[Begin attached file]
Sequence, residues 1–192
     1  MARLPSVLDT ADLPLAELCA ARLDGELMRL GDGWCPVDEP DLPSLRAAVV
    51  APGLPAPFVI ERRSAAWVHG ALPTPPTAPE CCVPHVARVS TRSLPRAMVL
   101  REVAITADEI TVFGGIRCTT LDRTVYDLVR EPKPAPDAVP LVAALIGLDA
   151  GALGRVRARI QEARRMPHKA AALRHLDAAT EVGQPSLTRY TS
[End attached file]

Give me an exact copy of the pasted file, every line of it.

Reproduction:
Sequence, residues 1–192
     1  MARLPSVLDT ADLPLAELCA ARLDGELMRL GDGWCPVDEP DLPSLRAAVV
    51  APGLPAPFVI ERRSAAWVHG ALPTPPTAPE CCVPHVARVS TRSLPRAMVL
   101  REVAITADEI TVFGGIRCTT LDRTVYDLVR EPKPAPDAVP LVAALIGLDA
   151  GALGRVRARI QEARRMPHKA AALRHLDAAT EVGQPSLTRY TS